The claim that the MMR vaccine caused autism was meritless on its face, held the U.S.D.C., Eastern District of New York (Doe v. Merck & Co, Inc.). The action filed on behalf of “Baby Doe” stemmed from Merck-manufactured Measles, Mumps, and Rubella (MMR) vaccine administered in 1999. In addition to Merck & Co., the suit named various federal government defendants: the Health and Human Services (“HHS”), HHS Secretary Thomas Price, FDA Commissioner Scott Gottlieb, and the United States of America. Plaintiff claimed violation of the National Childhood Vaccine Act of 1986 (the “Vaccine Act” or the “Act”), fraud, and conspiracy to commit fraud, and sought compensatory damages for personal injury, as well as declaratory and injunctive relief.
Failure to file a petition in the Vaccine Court precluded claims in District Court
Noting that “administratively exhausting” the claim in the Vaccine Court is a prerequisite to seeking relief in a traditional tort suit, the E.D.N.Y. found that it lacked jurisdiction. In the Vaccine Court plaintiff alleged that his autistic disorder was caused by mercury in thimerosal-containing vaccines (“TCVs”). In fact, Doe was selected as a test case in “the largest omnibus proceeding in the history of the Vaccine Act,” designed to determine whether there is a causal link between mercury in TCVs and autism, which is partly why it took 20 years for plaintiff to obtain a District Court decision. In contrast, in the present action the claimed cause of autism was the MMR vaccine. In addition, because plaintiff could have, but failed, to allege in the Vaccine Court that the MMR vaccine caused his autism, his present claim is barred by claim preclusion (res judicata).
Claims against the federal defendants were held barred by sovereign immunity. Under the Vaccine Act, sovereign immunity would not apply to the HHS Secretary where there is an alleged failure to perform a duty, but plaintiff failed to allege any particular duty in which the Secretary was derelict. Plaintiff allegations also failed to form a valid fraud claim. Since Merck’s allegedly fraudulent actions postdated plaintiff’s 1999 vaccination, plaintiff cannot prove reliance. As to the request to revoke Merck’s license for distributing its MMR vaccine, the court held that the proper body to consider license revocation is the FDA via an administrative petition. The remaining claims in the patently defective complaint were also dismissed.
The Act was enacted in the setting of increased vaccine-related litigation, out of concern that increased liability would drive vaccine manufacturers out of the market. This decision is particularly pertinent in the face of the current measles outbreak. Per the CDC, from January 1 to March 28, 2019, 387 cases of measles have been confirmed in 15 states – the second-greatest number of cases reported in the U.S. since measles was eliminated in 2000.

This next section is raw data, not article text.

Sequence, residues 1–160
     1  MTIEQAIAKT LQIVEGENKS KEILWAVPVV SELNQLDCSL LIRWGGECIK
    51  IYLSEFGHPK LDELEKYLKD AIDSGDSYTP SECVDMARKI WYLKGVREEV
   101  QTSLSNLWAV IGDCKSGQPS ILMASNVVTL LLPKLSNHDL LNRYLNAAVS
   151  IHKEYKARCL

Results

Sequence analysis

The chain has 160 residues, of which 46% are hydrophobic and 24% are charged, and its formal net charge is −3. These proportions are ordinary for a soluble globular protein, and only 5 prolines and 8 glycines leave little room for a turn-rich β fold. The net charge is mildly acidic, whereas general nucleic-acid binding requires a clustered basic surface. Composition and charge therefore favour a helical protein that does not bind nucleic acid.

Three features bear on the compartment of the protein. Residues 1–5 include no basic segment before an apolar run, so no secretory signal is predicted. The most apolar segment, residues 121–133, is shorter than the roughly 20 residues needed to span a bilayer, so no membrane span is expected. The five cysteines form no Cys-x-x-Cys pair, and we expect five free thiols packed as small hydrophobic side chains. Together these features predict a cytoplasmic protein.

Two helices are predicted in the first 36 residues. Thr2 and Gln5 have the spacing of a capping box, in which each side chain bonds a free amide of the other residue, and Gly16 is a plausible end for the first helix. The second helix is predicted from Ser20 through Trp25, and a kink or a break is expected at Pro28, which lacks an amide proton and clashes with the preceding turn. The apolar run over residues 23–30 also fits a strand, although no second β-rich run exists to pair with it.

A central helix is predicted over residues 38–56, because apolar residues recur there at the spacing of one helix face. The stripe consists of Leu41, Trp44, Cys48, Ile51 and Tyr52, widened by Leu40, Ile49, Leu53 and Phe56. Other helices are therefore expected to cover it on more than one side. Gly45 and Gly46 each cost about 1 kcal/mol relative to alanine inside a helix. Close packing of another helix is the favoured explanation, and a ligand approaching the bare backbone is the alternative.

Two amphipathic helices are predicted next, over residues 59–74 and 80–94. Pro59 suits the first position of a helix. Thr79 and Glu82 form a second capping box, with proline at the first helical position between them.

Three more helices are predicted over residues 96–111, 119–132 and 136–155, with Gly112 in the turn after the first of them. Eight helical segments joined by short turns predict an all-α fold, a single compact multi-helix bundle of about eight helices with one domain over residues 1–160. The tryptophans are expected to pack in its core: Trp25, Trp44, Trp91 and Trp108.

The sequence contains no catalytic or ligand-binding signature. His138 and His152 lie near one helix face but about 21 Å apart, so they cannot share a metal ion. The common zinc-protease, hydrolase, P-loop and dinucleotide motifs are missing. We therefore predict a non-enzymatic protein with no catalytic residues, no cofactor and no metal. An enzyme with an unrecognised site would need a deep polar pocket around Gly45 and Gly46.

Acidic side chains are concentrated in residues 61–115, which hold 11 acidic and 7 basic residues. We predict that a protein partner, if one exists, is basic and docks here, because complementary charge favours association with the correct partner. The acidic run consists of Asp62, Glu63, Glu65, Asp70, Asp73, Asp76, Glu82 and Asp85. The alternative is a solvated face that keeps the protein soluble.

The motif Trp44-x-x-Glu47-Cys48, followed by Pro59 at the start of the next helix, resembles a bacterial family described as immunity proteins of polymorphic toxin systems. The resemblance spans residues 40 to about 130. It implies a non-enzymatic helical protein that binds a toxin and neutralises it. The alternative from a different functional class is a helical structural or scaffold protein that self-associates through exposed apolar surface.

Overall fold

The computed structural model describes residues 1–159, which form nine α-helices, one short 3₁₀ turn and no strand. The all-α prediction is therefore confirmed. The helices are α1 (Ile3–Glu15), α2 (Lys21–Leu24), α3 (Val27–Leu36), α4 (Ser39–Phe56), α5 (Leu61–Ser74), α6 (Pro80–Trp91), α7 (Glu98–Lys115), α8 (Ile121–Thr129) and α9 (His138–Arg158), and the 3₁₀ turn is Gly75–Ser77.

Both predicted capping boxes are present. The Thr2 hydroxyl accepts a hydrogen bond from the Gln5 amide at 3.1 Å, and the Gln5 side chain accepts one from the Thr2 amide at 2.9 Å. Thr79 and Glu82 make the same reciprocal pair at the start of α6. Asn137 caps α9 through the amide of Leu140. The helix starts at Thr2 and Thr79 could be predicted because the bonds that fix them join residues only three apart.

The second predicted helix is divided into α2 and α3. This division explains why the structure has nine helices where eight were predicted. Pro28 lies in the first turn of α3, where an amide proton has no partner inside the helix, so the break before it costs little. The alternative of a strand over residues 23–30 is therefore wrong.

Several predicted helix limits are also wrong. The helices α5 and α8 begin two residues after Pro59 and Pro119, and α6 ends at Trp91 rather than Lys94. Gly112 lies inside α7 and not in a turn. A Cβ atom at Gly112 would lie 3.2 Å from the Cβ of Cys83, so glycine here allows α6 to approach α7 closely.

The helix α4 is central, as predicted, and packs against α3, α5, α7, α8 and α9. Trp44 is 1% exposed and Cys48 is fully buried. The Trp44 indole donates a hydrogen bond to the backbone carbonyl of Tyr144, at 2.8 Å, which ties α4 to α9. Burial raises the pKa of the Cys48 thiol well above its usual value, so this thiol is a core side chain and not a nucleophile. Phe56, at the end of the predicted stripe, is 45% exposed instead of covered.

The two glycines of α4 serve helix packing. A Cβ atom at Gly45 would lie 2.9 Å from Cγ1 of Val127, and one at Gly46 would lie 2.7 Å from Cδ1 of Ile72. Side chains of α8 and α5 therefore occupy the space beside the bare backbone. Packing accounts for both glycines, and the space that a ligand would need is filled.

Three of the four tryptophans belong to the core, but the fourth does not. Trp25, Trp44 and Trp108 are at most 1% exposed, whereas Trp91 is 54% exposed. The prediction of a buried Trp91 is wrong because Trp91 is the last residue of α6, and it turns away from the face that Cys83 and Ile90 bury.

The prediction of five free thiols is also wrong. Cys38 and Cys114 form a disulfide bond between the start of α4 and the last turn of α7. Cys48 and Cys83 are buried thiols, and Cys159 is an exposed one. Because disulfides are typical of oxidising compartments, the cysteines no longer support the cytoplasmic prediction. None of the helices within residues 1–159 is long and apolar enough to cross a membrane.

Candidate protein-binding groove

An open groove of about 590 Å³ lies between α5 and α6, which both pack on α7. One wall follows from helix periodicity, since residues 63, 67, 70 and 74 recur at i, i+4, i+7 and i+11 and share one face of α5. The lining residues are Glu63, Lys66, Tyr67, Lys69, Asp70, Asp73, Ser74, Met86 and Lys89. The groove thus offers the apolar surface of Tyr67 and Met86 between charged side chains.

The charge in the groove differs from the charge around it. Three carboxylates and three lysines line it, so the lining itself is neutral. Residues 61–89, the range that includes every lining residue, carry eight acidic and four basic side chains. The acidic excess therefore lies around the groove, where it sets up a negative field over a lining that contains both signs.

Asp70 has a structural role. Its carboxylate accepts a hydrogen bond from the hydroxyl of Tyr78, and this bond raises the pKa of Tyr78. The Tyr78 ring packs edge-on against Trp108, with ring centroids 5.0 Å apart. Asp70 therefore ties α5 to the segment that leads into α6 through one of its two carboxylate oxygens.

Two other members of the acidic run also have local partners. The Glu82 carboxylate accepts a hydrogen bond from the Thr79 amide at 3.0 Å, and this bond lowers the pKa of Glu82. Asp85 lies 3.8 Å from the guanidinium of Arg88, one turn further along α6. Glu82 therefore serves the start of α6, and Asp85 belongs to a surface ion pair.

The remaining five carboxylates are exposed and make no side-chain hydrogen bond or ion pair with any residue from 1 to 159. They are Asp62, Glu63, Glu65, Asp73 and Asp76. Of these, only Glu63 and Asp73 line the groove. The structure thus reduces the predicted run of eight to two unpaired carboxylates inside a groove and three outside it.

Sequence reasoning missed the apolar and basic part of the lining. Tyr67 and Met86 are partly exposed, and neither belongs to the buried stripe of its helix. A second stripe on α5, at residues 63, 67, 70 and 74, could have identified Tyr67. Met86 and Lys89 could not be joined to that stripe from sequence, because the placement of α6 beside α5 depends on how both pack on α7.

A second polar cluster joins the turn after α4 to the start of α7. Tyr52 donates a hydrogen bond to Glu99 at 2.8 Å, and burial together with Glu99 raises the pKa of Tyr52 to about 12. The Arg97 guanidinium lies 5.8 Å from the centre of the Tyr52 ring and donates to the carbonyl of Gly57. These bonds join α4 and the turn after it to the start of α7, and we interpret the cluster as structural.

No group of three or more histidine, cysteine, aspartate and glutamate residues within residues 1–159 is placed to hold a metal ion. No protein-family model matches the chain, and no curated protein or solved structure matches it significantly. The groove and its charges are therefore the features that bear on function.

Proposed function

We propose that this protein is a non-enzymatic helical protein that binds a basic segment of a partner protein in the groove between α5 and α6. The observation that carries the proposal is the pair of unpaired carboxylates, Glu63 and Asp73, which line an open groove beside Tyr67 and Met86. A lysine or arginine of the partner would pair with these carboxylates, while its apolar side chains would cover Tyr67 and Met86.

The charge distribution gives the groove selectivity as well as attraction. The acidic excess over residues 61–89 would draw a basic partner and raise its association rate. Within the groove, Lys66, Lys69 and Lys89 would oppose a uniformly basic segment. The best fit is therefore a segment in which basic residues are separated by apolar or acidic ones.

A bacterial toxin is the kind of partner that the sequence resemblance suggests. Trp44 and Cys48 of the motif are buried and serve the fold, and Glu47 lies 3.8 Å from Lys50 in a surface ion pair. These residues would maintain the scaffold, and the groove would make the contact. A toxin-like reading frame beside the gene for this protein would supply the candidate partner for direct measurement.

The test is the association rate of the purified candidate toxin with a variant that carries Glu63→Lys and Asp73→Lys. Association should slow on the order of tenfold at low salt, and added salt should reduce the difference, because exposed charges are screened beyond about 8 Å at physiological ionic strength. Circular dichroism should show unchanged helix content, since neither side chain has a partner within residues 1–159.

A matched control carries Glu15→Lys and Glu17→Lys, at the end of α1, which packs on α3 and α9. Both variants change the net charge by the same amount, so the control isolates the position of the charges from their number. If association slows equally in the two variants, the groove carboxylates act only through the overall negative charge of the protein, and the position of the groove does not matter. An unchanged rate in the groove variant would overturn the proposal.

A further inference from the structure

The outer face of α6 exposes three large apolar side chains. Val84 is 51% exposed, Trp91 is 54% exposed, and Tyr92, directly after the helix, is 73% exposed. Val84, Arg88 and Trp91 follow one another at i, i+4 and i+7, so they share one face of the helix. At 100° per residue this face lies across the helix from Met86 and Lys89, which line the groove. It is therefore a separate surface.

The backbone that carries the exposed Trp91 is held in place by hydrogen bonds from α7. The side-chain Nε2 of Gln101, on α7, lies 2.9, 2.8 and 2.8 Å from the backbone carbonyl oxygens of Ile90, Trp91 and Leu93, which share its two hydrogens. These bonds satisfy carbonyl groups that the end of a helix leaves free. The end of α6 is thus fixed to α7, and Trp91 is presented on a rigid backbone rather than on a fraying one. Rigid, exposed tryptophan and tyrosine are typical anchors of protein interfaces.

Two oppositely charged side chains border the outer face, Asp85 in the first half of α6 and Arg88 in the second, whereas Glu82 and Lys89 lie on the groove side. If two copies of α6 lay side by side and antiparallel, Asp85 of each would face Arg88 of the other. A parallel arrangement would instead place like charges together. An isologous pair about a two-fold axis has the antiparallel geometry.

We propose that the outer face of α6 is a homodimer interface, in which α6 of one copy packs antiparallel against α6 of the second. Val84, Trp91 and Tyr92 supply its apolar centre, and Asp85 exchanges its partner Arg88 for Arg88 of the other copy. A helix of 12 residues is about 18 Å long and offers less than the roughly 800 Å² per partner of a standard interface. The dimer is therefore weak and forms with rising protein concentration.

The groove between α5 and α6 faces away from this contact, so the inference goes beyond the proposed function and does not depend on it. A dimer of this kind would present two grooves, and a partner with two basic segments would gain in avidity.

National Childhood Vaccine Act of 1986
In 2011, the United States Supreme Court discussed the Vaccine Act’s no-fault compensation scheme for those claiming a vaccine-related injury, and weighed in on the potentially competing considerations of vaccine safety and recovery for vaccine-related injuries (Bruesewitz v. Wyeth LLC). The Vaccine Act permits “significant tort-liability protections for vaccine manufacturers” and “expressly eliminates liability for a vaccine's unavoidable, adverse side effects.”
No vaccine manufacturer shall be liable in a civil action for damages arising from a vaccine-related injury or death associated with the administration of a vaccine after October 1, 1988, if the injury or death resulted from side effects that were unavoidable even though the vaccine was properly prepared and was accompanied by proper directions and warnings.
The High Court held in a split decision that the Act preempts design defect claims against vaccine manufacturers.
Unlike in tort suits, claimants under the Act are not required to show that the administered vaccine was defectively manufactured, labeled or designed. No showing of causation is necessary for those injuries listed in the Act's Vaccine Injury Table.
Procedurally, a petition must first be filed with the United States Court of Federal Claims, where claims are adjudicated by the congressionally created Office of Special Masters (colloquially known as the Vaccine Court). The Court of Federal Claims must review objections to the special master's decision and issue a judgment before a claim is permitted to be filed against the vaccine manufacturer in a traditional tort suit for damages.